Wednesday, December 23, 2009

Simple EJB Bean

Okay so let's create a simple EJB bean that just says "hello", after that we want to secure the bean using a JDBC Realm.

Let's start with your basic EJB.

package com.blogger.ramen;

import javax.ejb.Stateless;

public class HelloBean implements HelloRemote {

public String sayHello() {
return "Hello from EJB!";


and the interface,


package com.blogger.ramen;

import javax.ejb.Remote;

public interface HelloRemote {

String sayHello();


See that wasn't that hard. Now let's write up the sun-ejb-jar.xml file so that we can let Glassfish know what to do with the EJB once we deploy it. Think of the xml descriptors as instructions for Glassfish on how it should expose your EJB, use your EJB, what resources are needed, and so forth. Some tags from the xml descriptors have been converted into annotations for your Java code, like @Stateless and @Remote.

One of the things that I usually put into the xml descriptor is the JNDI name. I'm just so use to doing it that way, but you are free to use the @Stateless annotation to give the JNDI. So let's look at my sun-ejb-jar.xml file, also note the sun that is in front of ejb-jar.xml. The ejb-jar.xml file is the standard xml descriptor and would be a good place for the JNDI but we need the sun specific one because we will need to secure our EJB later. We'll forgo the standard ejb-jar for the sun specific one.

<?xml version="1.0" encoding="UTF-8"?>
<!DOCTYPE sun-ejb-jar PUBLIC "-//Sun Microsystems, Inc.//DTD Application Server 9.0 EJB 3.0//EN" "">

As you can see I've given my EJB a global JNDI name of ejb/Helloness/HelloThere.
Now deploy to Glassfish.

Congrats you've written your first EJB, or maybe your second or so. However, the JAR is running all by itself on your Glassfish server. The crappy part about that is that you won't be able to use injection now. The reason is that for injection to work the JAR and the client must be running together. You can bundle them together in a Java Enterprise Application. Of course, if you deploy the JAR with a client in an EE Application, you now have two copies of your JAR on the server.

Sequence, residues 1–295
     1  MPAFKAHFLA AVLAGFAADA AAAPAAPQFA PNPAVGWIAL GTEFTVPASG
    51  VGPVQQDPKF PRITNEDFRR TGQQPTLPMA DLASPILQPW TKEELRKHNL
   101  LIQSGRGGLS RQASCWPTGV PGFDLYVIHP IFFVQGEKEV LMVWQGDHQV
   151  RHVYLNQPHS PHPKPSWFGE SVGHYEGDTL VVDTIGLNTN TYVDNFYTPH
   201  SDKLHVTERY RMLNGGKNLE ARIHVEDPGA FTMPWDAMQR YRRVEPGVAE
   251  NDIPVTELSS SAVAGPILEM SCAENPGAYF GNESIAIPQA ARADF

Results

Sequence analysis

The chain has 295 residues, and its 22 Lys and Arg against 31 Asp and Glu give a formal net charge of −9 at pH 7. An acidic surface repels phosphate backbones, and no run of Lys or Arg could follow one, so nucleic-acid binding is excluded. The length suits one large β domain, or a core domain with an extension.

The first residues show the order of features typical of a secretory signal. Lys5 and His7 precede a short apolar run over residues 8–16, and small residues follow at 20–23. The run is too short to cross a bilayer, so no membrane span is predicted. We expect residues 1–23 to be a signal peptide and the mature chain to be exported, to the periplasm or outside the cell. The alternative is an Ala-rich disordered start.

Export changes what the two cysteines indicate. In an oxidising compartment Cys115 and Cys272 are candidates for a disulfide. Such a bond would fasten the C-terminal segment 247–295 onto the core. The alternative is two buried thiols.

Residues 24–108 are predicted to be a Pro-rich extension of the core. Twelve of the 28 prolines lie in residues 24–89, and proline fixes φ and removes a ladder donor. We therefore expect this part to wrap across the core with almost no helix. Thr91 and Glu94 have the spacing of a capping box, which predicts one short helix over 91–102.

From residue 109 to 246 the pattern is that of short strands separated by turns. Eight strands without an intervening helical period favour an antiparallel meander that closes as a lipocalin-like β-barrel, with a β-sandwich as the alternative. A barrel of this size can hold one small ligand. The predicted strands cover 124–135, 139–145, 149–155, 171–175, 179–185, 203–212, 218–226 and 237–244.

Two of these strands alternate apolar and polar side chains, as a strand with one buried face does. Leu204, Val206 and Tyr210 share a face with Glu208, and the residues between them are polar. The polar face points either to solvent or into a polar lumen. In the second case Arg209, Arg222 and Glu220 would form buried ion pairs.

To avoid all of that, you can just use a context lookup for the JNDI name. However, the caveat of that is, your application client won't know anything about the JAR, ergo, it won't know the signature of the method, return type, etc... If you're in Netbeans, you'll get a real eye opener if you try to include the JAR file in your project. It seems like it knows nothing about the JAR you included. Mainly you'll get something like an ejb ref error or something of the sort.

The reason? The client application is running on it's own just like the JAR is. The two aren't talking to each other, except for the JNDI lookup. So basically you lookup a POJO but then you basically cast it to an unknown type. You need to let that type be known to your client, to do such a thing, simply copy and paste your interface file into your client project.

So let's write our client program, as you know we have our file copy and pasted into our project, so I'll just cover the main file.


package com.blogger.client;

import javax.naming.InitialContext;
import com.blogger.ramen.HelloRemote;

public class Main {

public static void main(String [] args) {

InitialContext ctx;
try {
ctx = new InitialContext();
HelloRemote hr = (HelloRemote) ctx.lookup("ejb/Helloness/HelloThere");
} catch (Exception ex) {
javax.swing.JOptionPane.showMessageDialog("Massive failure!");


And there you go. A full client to use our EJB bean. Deploy that to your Glassfish server and then use Java Web Start to start up your application. Presto! You have your client getting the implementation from your remote EJB.

I'll be back later, maybe tomorrow, maybe after the holidays, to show how to secure the EJB using a JDBC realm. Of course if you want to see how to implement the JDBC Realm in Glassfish take a look at this post.

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